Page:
The Absurd, Weird Masculinity of “What We Do in the Shadows”
The characters on the beloved FX series still have to deal with their identities, even when they're 800 years old
The early Dracula and Camille texts which defined the modern vampire famously drew on European fears of a racial and sexual Other: a seductive foreign force that could slip into a locked boudoir without effort, made no distinctions between the genders of victims and brought death and disease wherever it went. However, what also made these texts appealing is that, well, being this creature seems pretty cool, doesn’t it? The performances of Bela Lugosi and Christopher Lee as Dracula in multiple horror films would become the stuff of parody, but both actors, gifted with hypnotic eyes and booming voices, also made the Count irresistible: an alluring, elegant figure whose fangs promised la petit mort as well as a more lasting death for his victims.
Over the past 100 years alone, the vampiric image has shifted as often as a fanged creature changing into a bat or dissipating with the fog. Some popular vamps are endowed with the aristocratic beauty of Brad Pitt in Interview with the Vampire. Others, like the creatures who stalk a sunless Alaska in the 30 Days of Night graphic novel, have been bloodthirsty monstrosities. Yet the monster is always something that is on the outside, and it is typically fundamentally misunderstood. Is it any wonder that some misfit humans like wearing capes and prosthetic fangs, or just watch a ton of horror movies every Halloween?
What We Do In The Shadows, now returning for a fourth season on FX, is a blast precisely because it understands that vampire myths are centered on outsiders. Episodes delve into the weird rules of each supernatural subculture, as well as jokes on how the four immortal Staten Island housemates at the center of the show don’t understand 21st century life (“You’re dead, you’re dead and out of this world,” the theme song by Norma Tanega warns them). Yet the show also feels targeted precisely to the kinds of people who, maybe like Nandor’s familiar Guillermo, might have related to Martin and the undead as fellow weirdos who enjoy the dark and creepy side of life.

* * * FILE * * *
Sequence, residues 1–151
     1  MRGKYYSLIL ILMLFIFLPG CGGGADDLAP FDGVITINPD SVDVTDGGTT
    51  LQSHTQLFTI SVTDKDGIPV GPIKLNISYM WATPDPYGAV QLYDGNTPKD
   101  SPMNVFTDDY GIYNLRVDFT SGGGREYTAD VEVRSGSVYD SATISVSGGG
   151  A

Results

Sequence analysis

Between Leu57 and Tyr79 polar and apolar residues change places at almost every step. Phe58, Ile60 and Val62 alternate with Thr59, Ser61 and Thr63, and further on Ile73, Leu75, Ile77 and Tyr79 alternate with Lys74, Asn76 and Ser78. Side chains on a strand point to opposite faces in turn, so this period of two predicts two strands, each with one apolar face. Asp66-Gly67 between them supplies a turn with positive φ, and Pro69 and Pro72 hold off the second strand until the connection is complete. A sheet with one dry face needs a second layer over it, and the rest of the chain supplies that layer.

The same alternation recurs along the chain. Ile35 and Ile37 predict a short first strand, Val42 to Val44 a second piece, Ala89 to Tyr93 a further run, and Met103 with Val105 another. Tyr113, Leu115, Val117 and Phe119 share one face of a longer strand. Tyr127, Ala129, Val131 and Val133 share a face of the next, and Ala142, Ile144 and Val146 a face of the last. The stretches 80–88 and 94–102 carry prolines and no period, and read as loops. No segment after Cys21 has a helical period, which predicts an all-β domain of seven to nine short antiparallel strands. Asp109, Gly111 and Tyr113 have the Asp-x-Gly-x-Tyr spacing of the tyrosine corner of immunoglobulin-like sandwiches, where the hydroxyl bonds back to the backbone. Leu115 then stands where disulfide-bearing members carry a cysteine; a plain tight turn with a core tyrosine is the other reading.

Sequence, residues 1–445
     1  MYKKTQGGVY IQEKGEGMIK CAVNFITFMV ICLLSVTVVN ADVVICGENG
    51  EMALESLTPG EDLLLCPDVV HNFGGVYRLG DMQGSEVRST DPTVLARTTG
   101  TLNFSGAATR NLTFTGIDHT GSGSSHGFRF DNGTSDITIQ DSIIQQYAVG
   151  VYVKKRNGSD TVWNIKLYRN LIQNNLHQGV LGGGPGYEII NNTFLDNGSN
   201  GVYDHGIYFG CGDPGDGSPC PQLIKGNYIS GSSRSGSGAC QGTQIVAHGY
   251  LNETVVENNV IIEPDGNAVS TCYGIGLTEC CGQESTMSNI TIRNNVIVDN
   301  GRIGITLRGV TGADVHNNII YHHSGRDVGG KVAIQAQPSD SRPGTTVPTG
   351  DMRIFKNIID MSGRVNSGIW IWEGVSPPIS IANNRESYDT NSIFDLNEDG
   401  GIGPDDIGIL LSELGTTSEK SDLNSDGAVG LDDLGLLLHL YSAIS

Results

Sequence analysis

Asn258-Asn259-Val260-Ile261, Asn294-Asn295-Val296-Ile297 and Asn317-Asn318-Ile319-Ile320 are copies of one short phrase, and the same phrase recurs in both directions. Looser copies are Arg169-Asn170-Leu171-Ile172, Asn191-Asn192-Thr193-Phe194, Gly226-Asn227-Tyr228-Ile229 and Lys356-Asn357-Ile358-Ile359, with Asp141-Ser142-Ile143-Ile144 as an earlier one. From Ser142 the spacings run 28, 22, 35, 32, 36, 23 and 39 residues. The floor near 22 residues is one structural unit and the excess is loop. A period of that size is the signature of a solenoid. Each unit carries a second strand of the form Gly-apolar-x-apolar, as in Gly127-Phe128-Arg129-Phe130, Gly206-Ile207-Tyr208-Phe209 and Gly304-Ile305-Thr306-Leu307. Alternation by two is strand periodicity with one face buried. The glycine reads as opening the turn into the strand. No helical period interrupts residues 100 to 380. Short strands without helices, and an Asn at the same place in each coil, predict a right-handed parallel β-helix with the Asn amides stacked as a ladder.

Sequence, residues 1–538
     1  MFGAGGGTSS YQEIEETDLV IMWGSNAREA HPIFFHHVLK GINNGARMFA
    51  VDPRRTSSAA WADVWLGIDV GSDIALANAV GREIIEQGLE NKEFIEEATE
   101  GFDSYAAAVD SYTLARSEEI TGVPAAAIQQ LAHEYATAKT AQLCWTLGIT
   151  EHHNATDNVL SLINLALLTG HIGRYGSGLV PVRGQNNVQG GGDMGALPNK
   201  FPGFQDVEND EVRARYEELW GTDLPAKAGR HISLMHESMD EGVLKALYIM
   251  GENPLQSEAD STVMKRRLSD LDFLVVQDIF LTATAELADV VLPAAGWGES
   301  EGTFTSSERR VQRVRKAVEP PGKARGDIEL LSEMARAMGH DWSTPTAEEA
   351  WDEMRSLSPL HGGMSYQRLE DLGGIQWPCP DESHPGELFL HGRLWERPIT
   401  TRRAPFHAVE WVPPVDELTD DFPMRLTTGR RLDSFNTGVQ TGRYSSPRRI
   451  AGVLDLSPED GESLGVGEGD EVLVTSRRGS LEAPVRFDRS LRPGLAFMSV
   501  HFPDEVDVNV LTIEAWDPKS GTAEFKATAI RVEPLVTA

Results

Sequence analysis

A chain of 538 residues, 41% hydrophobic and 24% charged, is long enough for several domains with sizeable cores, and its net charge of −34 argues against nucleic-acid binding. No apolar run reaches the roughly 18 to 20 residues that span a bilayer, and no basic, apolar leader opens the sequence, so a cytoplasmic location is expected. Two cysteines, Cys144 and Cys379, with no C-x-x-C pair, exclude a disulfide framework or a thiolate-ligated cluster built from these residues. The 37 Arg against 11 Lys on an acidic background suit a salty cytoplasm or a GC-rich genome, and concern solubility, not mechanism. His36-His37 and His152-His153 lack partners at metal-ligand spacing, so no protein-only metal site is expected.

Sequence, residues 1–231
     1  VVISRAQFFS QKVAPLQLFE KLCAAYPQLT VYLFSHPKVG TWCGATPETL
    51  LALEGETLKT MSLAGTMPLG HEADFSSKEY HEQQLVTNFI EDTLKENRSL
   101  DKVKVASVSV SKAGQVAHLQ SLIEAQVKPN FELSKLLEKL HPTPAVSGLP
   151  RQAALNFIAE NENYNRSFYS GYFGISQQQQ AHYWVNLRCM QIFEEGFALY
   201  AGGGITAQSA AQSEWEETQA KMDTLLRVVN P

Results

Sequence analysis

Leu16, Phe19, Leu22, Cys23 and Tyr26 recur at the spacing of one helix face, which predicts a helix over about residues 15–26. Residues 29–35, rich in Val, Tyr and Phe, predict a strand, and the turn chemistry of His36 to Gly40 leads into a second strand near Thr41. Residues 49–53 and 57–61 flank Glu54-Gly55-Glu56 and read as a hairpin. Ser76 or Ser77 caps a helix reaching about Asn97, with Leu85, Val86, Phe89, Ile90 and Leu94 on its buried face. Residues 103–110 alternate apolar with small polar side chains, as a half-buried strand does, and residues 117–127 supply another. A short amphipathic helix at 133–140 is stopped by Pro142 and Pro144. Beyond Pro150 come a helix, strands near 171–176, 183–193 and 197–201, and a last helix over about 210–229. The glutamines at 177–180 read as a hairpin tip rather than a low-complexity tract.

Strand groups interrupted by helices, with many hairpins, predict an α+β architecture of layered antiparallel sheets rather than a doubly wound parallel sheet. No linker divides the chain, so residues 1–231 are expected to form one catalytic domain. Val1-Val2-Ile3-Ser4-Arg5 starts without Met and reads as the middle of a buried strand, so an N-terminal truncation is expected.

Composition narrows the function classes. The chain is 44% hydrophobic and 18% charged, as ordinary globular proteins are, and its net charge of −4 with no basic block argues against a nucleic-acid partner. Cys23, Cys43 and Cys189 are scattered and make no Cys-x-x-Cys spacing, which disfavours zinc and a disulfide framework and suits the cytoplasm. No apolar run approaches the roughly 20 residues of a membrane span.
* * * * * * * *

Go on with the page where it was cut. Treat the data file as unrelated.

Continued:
The horror sitcom isn’t exactly interested in Making Points. Instead it earns bloody, absurd laughs from Lazslo and Nadja’s cluelessness and Colin Robinson’s dull routines. But over time, it’s fleshed out these often inhuman creatures enough that their vulnerability has become more recognizable. A part of the comedy and awkward sweetness of the show is that Nandor is a proud and ancient warrior, but he still needs Guillermo to be there when he slumbers in his coffin.
Like the horror figures the film and show are parodying, the main male characters of What We Do In The Shadows either no longer fit with the modern, masculine image, or have always been on the outside of social norms. (As an autistic man, it’s pretty easy to relate to the Byronic, hyper-European Laszlo attempting to laugh along with some beer-drinking football fans by yelling, “Ha! Great joke, assholes!”) Laszlo, Nandor and Colin Robinson are intense, awkward, and in the case of the first two, really owe who they are to another era. Colin Robinson’s origins as an “energy vampire” are kept a mystery, but unlike the older bloodsuckers, a monotone demon nerd using Internet trolling and cubicle jokes to extract the life from people fits all too easily now into everyday life. Yet even he expresses vulnerability and is hurt when his friends don’t reciprocate his appreciation for them.